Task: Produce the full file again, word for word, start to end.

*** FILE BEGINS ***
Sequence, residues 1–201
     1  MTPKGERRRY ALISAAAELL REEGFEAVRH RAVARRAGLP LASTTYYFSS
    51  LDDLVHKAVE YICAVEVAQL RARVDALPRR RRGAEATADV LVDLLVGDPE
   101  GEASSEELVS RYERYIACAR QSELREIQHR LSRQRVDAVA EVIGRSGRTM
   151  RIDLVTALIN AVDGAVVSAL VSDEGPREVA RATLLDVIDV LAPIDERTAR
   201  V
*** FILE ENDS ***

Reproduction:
Sequence, residues 1–201
     1  MTPKGERRRY ALISAAAELL REEGFEAVRH RAVARRAGLP LASTTYYFSS
    51  LDDLVHKAVE YICAVEVAQL RARVDALPRR RRGAEATADV LVDLLVGDPE
   101  GEASSEELVS RYERYIACAR QSELREIQHR LSRQRVDAVA EVIGRSGRTM
   151  RIDLVTALIN AVDGAVVSAL VSDEGPREVA RATLLDVIDV LAPIDERTAR
   201  V